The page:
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ON THE SHELF SPECIAL
Recently I’ve been thinking a lot about digital and print publications. With book shops struggling to survive (and only Waterstones left over here as the only national book shop chain) it does seem that the writing is on the wall for them. Digital does provide a more convenient experience for a lot of people. But there are specific books that, as of current technology, can only be properly consumed and enjoyed in print. I am talking about photographic and art books. Those lush hardcovers put together with extreme care and attention that showcase some of the finest work in a number of different fields.
New York based publisher Abrams has a list of great coffee table books and they were kind enough to furnish me with a few review copies of four of their recent titles.
First up is Hitchcock Piece by Piece by Laurent Bouzereau. A hardcover which is a little bit like the DC and Marvel Vault titles in that it includes pouches with detachable facsimiles of things like snippets of Hitchcock script, photos from the director’s family album and even a letter from the Motion Picture Association of America, querying whether Hitch’s The Birds was suitable for theatrical release with some of its contents making them feel uncomfortable. Apart from the detachable pieces, Hitchcock Piece by Piece features a selection of wonderful photos taken from various stages of his career of the director and many of his on-screen collaborators. Bouzereau’s writing is informative but never dry and he manages to pack a lot of his research onto the page. The reproduction here is very good and it is quote obviously a book that its editors, as well as its writer, have taken a lot of care and consideration as to how it should be approached and assembled. Even though Alfred Hitchcock is a subject that has fascinated writers and journalists for many decades, Hitchcock Piece by Piece is an intriguing historical document of the life and career of perhaps arguably 20th Century Hollywood’s most influential behind-the-camera figure…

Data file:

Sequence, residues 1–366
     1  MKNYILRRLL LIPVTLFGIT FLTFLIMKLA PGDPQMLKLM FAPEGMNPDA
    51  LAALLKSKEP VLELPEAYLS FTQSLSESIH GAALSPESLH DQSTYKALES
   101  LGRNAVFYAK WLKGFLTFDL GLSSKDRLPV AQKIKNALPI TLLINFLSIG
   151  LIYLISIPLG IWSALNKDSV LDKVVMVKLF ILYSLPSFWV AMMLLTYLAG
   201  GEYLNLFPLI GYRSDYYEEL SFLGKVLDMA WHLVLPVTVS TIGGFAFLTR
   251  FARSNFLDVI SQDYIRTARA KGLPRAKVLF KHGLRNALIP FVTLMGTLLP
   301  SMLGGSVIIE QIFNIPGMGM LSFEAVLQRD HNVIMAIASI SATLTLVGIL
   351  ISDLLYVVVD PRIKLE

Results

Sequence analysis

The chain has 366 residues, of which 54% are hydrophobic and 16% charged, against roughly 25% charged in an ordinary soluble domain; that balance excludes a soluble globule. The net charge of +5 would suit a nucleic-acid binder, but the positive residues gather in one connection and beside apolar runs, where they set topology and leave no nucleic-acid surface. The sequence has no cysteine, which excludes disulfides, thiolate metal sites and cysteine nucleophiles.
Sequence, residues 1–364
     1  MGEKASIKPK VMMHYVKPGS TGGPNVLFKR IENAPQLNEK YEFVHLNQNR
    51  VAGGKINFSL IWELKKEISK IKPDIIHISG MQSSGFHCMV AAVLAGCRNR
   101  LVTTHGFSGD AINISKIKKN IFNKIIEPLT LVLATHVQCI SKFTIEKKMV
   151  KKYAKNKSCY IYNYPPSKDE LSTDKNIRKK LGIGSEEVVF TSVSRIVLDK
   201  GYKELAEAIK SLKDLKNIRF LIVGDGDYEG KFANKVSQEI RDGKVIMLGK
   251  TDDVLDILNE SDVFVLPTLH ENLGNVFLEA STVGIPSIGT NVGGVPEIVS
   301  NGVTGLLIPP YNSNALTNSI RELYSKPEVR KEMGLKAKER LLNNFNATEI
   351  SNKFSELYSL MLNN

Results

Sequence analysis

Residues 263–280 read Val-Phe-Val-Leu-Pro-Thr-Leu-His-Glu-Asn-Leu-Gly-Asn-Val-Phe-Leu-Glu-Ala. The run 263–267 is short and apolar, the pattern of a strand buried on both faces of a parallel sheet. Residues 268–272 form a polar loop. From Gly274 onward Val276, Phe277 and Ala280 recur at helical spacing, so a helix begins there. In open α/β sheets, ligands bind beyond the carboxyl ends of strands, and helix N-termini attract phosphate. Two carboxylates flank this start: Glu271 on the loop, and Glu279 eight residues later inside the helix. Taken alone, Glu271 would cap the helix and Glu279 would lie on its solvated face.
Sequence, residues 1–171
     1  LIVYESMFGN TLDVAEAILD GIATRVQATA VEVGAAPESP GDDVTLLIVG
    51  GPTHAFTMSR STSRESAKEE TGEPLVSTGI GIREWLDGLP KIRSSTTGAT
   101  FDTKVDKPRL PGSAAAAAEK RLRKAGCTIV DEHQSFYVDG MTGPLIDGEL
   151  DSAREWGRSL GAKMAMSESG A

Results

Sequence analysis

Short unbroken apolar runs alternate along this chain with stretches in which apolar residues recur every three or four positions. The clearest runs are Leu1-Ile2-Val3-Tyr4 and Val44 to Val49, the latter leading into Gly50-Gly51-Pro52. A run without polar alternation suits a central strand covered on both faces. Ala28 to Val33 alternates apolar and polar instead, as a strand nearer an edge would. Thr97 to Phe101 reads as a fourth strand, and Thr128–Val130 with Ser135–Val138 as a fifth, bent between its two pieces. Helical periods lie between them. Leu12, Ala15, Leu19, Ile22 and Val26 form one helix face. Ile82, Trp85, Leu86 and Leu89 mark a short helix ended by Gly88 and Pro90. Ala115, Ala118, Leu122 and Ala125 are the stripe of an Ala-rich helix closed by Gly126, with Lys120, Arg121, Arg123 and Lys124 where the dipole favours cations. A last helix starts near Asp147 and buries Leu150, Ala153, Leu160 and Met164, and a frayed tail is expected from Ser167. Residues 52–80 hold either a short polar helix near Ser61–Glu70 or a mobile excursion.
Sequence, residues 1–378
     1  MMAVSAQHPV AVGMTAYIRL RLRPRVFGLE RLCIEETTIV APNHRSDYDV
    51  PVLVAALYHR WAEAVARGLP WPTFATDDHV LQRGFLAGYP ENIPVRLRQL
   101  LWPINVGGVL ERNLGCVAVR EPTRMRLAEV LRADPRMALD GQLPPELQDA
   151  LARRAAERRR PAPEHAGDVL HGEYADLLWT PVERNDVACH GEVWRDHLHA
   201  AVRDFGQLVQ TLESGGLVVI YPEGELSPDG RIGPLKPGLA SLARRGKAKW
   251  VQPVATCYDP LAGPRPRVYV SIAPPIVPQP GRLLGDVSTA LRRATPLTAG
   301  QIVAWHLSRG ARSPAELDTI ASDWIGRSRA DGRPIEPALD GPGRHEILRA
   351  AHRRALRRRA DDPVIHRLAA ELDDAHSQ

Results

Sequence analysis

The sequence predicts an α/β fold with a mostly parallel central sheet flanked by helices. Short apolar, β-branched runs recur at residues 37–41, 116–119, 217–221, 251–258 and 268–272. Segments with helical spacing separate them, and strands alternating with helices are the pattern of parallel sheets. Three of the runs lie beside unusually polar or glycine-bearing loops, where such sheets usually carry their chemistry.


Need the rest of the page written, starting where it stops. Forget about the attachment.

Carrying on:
Telling Stories: Norman Rockwell From The Collections of George Lucas and Steven Spielberg by Virginia M. Mecklenburg is another Abrams book but quite different to Hitchcock Piece by Piece. Put together in association with the Smithsonian American Art Museum, Telling Stories is a book that features two extended essays looking at the cultural impact that Rockwell made on American society. Illustrated partly by posters from the collections of Lucas and Spielberg, Mecklenburg, and Todd McCarthy in the second essay, Norman Rockwell’s Camera Eye, examine Rockwell’s distinguished career and take a look at the cinematic techniques that he utilised in his work. Despite the familiarity that audiences have with his work, it would have been nice if some of the images here had a little more room to breathe as the illos that are run on full pages remind you of the impact that Rockwell had on modern popular culture. Interestingly, McCarthy is a more accessible writer than Mecklenburg and his essay, buried at the back, feels fresher and more interesting to the reader. But it is still evident that Mecklenburg knows her stuff about the subject and she does manage to hold the reader’s attention, accompanied by the cream of Rockwell’s art. It seems timely that this book was released this year when a major Rockwell exhibition took place at the Dulwich Picture Gallery in London…

The Making of Avatar by Jody Duncan and Lisa Fitzpatrick, was released to capitalize on the huge worldwide success of James Cameron’s blockbuster movie that dominated the world’s box office back in 2010. It’s not a bad book although it does seem quite light on concept art and storyboards. The writing strikes the right balance between dense techy prose and the sort of more general text that would appeal to the casual reader. Since Duncan is the editor of Cinefex, the magazine devoted to film special effects, her expertise in this field is clear to see here. But there should have been more images as the significance of Avatar was the groundbreaking visual work that Cameron, Weta and Co carried out. However this is the Making of Avatar rather than the Art of Avatar and so perhaps I am being overly critical. The Making of Avatar does provide a perceptive look at the genesis and production of this important film…